Case Study- Bynum v. Norfolk Southern Railway Co.The 4th Circuit says it lacks jurisdiction to review a district court order remanding to state court an injured railroad worker’s suit under the Federal Employers’ Liability Act, which defendant railroad argues is barred by the worker’s receipt of benefits under the Longshore and Harbor Workers’ Compensation Act; the appeals court dismisses the railroad’s appeal. Plaintiff, an injured railroad brakeman, received benefits under the LHWCA. He also sued defendant Norfolk Southern Railway Company in state court under FELA, alleging negligence and damages of $30 million. Norfolk Southern filed a notice of removal and argued that the LHWCA barred any recovery under FELA. The district court granted plaintiff’s motion to remand the action to state court.
What is Serious Personal Injury?According to Wikipedia, personal injury is a legal term for an injury to the body, mind, or emotions, as opposed to an injury to property. The term is most commonly used to refer to a type of tort lawsuit alleging that the plaintiff’s injury has been caused by the negligence of another, but also arises in defamation torts. Breit Law specializes in helping victims in all types of Serious Personal Injury.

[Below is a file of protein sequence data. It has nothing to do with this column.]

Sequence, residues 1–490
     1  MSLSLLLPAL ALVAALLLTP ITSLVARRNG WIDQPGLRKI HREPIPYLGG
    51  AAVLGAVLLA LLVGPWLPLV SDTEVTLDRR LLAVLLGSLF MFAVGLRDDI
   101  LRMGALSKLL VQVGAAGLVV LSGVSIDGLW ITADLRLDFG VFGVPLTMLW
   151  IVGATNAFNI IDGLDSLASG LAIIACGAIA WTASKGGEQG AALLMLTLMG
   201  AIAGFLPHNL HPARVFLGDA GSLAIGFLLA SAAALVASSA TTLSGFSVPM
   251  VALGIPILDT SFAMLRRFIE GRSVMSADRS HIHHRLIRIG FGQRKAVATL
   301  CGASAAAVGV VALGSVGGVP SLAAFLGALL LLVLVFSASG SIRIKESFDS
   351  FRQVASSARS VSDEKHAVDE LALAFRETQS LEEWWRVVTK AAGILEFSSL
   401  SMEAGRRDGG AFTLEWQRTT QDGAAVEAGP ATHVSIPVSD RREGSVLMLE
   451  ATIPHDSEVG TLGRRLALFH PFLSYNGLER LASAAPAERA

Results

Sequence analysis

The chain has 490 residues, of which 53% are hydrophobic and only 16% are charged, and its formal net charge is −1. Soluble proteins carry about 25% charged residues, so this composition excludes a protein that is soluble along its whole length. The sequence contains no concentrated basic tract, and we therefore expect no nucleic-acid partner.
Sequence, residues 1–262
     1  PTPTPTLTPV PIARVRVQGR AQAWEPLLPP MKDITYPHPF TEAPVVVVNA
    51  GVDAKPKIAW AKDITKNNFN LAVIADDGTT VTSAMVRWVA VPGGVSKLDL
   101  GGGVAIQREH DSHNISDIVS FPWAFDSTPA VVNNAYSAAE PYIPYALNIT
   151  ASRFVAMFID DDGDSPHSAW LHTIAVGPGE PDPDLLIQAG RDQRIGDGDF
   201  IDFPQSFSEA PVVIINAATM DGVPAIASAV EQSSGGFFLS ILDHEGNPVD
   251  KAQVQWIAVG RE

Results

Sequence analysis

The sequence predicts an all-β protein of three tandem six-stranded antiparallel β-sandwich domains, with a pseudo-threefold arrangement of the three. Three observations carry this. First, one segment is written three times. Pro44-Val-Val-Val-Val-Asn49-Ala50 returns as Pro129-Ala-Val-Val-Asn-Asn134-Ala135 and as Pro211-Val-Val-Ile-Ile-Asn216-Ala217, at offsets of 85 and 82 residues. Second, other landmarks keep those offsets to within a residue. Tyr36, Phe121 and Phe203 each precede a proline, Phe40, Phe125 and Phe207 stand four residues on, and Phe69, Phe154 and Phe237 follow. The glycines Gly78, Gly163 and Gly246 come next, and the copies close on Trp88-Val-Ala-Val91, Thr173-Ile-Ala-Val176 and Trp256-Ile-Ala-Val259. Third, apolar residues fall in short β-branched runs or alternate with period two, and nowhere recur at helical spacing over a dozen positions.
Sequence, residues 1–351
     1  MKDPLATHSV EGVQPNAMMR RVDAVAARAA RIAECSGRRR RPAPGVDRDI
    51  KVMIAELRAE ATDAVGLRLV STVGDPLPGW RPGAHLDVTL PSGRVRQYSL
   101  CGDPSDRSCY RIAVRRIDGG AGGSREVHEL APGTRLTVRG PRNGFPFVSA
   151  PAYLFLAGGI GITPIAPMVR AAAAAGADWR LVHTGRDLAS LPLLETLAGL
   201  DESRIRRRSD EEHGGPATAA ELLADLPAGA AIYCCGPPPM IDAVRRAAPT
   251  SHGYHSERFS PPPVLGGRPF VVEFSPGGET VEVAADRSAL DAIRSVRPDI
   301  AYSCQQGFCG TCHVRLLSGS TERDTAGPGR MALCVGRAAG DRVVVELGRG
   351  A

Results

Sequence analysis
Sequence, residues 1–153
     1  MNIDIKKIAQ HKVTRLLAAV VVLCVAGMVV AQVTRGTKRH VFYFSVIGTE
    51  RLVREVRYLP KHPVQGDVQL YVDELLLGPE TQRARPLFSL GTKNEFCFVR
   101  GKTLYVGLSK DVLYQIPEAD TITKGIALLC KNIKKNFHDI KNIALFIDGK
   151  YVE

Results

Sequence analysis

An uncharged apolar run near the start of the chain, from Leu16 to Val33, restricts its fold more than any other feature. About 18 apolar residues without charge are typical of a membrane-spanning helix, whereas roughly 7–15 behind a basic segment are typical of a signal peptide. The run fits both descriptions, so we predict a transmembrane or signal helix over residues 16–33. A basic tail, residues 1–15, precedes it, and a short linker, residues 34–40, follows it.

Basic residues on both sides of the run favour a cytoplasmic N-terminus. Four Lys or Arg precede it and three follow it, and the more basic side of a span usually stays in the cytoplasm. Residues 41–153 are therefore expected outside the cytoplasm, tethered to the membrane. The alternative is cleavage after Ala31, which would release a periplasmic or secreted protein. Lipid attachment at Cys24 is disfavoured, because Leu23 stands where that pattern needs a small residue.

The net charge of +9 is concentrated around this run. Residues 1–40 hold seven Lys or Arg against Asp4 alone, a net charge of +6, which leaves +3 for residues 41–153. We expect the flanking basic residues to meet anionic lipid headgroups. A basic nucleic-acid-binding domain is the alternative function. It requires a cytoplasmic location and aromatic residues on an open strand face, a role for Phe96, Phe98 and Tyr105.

What are the most common types of personal injury claims in Virginia?The most common types of personal injury claims we see in the state of Virginia are:
- automobile accidents
- accidents at work
- railroad accidents
- motorcycle accidents
- trucking accidents
- ‘slip and fall’ or tripping accidents
- assault claims
- accidents in the home
- brain injury
- product defect accidents (product liability)
- medical malpractice
Maritime/Admiralty Law ExplanationMaritime law, also referred to as Admiralty law, governs the relationships between private entities which operate vessels in navigable waters. It provides specialized regulations for personal injuries that occur on the water or aboard any type of sea craft. It differs from other areas of law in that lawsuits are based upon whether the vessel was operating in navigable waters, whether the vessel was considered on-shore or off-shore and often encompasses international defendants and law. Maritime law protects seamen (and women) for injuries they might receive while aboard a vessel. Due to the complexity of maritime law, plaintiffs are best served by retaining the counsel of a qualified attorney who specializes in this type of law, such as Breit Law.